Even if it was wrong in these conclusions, the Court of Appeal also held that severance was precluded because it was contrary to public policy – the principal effect of severance would be to permit partial enforcement of an otherwise unenforceable CFA. Accordingly, the solicitors were not entitled to be paid even the discounted rate under the CFA. Further, the same public policy objection precluded the solicitors from recovering the fees on an alternative quantum meruit basis, that would have the effect of (as Lady Justice Andrews put it) allowing the solicitors "to claim by the back door… payment for their services which they cannot receive through the front". The final sting in the tail for the solicitors was that, since they should not have been able to recover under the unenforceable CFA at all, they were also ordered to repay sums which their client had already paid to them.   

The Diag case is clearly a salutary tale for solicitors entering into CFAs that they must abide by the strict formal requirements – but does it have any wider application to the availability of severance in post-PACCAR LFAs? Would the Court of Appeal's rationale for refusing to allow severance (and thus partial enforcement of a non-compliant funding agreement) transpose into the world of LFAs and DBAs? While Diag didn't give us any firm answers on that, we didn't have to wait long for a court to consider the question….


Just two weeks after the Diag judgment, the Commercial Court grappled more directly with the enforceability of LFAs in Therium Litigation Funding A IC v Bugsby Property LLC [2023] EWHC 2627 (Comm) (20 October 2023). The respondent, Bugsby, had succeeded at trial in proceedings which had been funded by Therium and others, by reaching a favourable settlement prior to appeal. In broad terms, Bugsby contended that the LFA was unenforceable following the decision in PACCAR such that the funders had no claim to the settlement proceeds. The funders sought an injunction to freeze the settlement proceeds and a declaration that they were held on trust for Therium and were to be distributed in accordance with the terms of the LFA and related agreements (such that the funders would receive their return).

It is important to note that the issues were ventilated in the context of an injunction application, and the court was not being asked in this hearing for a final determination as to the enforceability of the LFA (which will be a matter for the London Court of International Arbitration (LCIA) in accordance with the arbitration agreement in the LFA). The task at hand for the Commercial Court was to determine a threshold question – was there a serious issue to be tried (by an arbitrator) in this regard such that the court should exercise its powers to preserve the assets pending arbitration?

Therium argued that the decision in PACCAR was not fatal to the enforceability of its LFA, relying on the 2021 Court of Appeal decision in Zuberi v Lexlaw [2021] EWCA Civ 16 (15 January 2021) – a decision which was also mentioned in PACCAR, but not overturned. Zuberi concerned a DBA which made provision both for the solicitors to receive 12 per cent of the client’s recoveries, but also for the client to pay certain costs and expenses in the event they terminated the retainer early. The client later contended that those termination payment provisions contravened the DBA Regulations, and so invalidated the whole DBA. The Court of Appeal disagreed. For the present purposes, the key takeaway from Zuberi is Lewison LJ's approach in the case, where he preferred the view that "if a contract of retainer contains a provision which entitles a lawyer to a share of recoveries; but also contains other provisions which provide for payment on a different basis… only those provisions… which deal with payment out of recoveries amount to the DBA".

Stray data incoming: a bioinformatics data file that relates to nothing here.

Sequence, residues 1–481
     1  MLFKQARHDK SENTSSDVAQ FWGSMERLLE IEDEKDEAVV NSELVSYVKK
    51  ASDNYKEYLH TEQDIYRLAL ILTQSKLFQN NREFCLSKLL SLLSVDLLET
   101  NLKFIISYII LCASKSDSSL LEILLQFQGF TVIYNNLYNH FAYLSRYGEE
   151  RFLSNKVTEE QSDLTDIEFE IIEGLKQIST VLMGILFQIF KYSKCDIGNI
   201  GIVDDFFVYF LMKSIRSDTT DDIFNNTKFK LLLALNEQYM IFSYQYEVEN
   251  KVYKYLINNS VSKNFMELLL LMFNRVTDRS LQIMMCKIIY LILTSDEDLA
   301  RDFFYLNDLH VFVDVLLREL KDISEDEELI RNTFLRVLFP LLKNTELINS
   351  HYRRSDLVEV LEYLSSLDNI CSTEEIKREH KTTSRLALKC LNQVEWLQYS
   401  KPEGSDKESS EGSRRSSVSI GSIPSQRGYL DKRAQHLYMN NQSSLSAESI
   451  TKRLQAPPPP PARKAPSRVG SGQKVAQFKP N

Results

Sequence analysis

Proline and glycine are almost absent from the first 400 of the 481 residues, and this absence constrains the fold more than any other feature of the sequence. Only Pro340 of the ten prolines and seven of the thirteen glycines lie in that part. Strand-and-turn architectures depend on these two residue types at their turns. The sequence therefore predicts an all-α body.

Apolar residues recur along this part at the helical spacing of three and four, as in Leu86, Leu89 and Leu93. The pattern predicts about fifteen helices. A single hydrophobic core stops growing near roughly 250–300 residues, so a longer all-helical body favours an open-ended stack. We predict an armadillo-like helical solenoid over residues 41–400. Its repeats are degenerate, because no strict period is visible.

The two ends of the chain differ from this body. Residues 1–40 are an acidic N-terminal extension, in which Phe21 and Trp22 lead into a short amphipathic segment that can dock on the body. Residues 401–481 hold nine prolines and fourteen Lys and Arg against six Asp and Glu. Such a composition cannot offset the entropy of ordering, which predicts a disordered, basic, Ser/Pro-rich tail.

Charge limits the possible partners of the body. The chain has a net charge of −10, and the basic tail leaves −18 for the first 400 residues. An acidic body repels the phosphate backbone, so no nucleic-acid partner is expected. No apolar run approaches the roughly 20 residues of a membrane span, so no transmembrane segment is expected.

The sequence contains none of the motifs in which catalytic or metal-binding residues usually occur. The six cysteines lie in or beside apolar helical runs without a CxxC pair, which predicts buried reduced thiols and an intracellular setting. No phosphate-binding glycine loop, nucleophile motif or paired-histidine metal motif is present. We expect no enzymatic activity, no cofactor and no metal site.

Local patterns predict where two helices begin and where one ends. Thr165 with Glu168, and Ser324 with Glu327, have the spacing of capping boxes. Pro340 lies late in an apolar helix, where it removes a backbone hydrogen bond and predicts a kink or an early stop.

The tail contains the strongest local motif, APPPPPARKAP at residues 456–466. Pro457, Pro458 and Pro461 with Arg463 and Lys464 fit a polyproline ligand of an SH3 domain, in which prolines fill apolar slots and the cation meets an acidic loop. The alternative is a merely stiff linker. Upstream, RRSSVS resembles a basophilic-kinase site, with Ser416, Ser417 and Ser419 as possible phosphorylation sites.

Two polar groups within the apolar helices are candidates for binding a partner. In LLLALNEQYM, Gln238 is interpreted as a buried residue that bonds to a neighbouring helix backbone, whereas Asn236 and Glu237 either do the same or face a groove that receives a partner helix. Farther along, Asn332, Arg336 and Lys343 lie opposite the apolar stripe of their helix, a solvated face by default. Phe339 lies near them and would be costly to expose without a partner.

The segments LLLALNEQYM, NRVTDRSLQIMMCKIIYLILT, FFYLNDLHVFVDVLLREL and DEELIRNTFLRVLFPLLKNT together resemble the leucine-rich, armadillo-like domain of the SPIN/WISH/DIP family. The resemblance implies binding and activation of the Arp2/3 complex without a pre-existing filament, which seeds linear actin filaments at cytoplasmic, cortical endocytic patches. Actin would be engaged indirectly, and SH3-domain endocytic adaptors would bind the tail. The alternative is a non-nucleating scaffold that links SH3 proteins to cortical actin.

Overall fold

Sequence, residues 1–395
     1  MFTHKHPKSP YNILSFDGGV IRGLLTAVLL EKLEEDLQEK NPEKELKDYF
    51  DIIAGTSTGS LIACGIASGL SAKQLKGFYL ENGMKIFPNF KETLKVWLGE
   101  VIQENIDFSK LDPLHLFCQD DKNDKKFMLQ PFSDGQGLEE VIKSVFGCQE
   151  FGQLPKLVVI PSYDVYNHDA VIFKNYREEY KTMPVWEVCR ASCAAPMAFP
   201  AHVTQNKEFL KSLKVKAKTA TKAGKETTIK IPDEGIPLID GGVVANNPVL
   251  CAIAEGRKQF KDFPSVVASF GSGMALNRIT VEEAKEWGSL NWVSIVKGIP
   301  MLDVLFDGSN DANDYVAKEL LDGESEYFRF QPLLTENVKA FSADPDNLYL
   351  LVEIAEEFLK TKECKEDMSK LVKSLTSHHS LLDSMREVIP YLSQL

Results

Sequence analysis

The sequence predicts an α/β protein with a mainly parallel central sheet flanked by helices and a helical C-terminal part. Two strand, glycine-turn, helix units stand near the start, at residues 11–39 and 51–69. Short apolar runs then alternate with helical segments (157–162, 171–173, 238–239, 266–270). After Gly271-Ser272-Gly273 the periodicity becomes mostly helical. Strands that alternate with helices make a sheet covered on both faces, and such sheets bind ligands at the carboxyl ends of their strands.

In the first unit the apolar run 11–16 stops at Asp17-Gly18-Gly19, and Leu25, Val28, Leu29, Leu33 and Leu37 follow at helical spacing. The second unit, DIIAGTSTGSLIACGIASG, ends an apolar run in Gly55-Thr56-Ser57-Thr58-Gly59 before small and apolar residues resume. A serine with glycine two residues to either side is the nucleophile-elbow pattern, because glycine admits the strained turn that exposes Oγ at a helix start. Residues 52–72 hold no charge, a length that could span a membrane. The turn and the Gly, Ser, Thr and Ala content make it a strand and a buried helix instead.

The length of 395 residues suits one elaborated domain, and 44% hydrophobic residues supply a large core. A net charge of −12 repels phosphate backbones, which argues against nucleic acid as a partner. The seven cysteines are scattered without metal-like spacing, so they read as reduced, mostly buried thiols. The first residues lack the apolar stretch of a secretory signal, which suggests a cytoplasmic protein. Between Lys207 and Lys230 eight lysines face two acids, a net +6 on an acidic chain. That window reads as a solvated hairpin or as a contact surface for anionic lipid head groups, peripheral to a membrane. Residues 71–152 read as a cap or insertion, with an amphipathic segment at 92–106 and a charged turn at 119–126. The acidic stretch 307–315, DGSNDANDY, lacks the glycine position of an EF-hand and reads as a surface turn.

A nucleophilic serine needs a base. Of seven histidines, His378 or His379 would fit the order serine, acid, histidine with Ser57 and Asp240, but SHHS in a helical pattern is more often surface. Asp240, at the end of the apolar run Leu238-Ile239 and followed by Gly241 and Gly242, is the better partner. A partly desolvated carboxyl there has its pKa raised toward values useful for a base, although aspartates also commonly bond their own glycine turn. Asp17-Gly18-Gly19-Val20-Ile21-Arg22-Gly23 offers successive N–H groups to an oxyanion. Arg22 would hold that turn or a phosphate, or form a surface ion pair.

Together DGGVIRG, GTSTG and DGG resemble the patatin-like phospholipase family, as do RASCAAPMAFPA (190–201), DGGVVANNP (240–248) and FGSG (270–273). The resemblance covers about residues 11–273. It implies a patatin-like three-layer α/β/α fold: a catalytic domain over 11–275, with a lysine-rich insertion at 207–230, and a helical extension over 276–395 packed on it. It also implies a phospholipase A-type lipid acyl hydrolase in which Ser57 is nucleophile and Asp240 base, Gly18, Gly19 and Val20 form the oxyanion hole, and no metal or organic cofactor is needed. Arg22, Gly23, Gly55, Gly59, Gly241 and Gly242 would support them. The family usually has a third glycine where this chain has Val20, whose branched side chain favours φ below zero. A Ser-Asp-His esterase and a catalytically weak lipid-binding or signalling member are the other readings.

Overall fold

Therium pulled at this thread to argue that only that part of the LFA which provided for a percentage share of recoveries constituted an unenforceable DBA, while the remaining provisions (including a multiple of the funding advanced) were not part of the DBA itself and so remained enforceable notwithstanding PACCAR. The Commercial Court was persuaded that this argument met the threshold test and that there is therefore a serious issue to be tried as to whether PACCAR renders the whole LFA unenforceable, or only those parts which provide for a percentage of the recoveries.


In addition to its argument based on the Zuberi decision, the court also found Therium had a serious case to be tried on severance. Bugsby advanced the Diag decision which had been handed down two weeks prior in support of its argument that the offending items could not be severed from the LFA, and that the agreement as a whole was therefore unenforceable. However, the Commercial Court found that the decision on severance in Diag "cannot simply be read across and applied by analogy to the issue of severance in the DBA in issue here". Mr Justice Jacobs continued: "It can be argued, reasonably, that there is no public policy objection to a severance which removes those provisions in a [LFA] which place the agreement within the regime, leaving behind an entirely lawful agreement to which the regime does not apply […]. Accordingly, a non-compliant CFA may well present a more difficult case for severance than a LFA which includes a DBA."

These two cases are no doubt only the start of post-PACCAR wrangling, but they present interesting counterpoints. Although the Bugsby decision only asks threshold questions and does not determine the issue (which, sadly for interested spectators, will now be played out before a LCIA tribunal behind closed doors), it gives an indication that PACCAR may not be entirely fatal to non-compliant LFAs, and that the concerns which led the court to condemn the CFA in the Diag judgment may not apply as readily in the context of DBAs, given the different statutory regime which applies. It is also likely that arguments revolving around severance and Zuberi will readily reappear in the courts in respect of existing and recently concluded LFAs.

Emma Carr is a partner and Christopher Richards is a PSL principal associate at Gowling WLG (UK) LLP